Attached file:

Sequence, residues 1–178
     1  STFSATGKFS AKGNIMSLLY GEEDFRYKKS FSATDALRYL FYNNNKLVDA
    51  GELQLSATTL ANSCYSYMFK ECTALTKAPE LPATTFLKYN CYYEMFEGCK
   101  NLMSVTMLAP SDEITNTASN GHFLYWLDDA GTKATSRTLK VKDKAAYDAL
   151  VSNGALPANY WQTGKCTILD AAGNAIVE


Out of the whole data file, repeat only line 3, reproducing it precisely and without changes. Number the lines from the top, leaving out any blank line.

    51  GELQLSATTL ANSCYSYMFK ECTALTKAPE LPATTFLKYN CYYEMFEGCK